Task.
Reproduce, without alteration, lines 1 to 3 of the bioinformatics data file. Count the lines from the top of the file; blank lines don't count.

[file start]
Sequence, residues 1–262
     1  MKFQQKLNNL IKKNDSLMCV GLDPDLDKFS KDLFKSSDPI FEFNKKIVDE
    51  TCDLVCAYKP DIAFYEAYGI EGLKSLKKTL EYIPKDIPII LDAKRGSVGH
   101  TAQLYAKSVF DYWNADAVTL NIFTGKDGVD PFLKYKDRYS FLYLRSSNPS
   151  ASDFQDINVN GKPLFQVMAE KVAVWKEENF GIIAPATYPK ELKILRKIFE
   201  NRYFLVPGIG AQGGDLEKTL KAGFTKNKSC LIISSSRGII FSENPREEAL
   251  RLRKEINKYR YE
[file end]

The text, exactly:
Sequence, residues 1–262
     1  MKFQQKLNNL IKKNDSLMCV GLDPDLDKFS KDLFKSSDPI FEFNKKIVDE
    51  TCDLVCAYKP DIAFYEAYGI EGLKSLKKTL EYIPKDIPII LDAKRGSVGH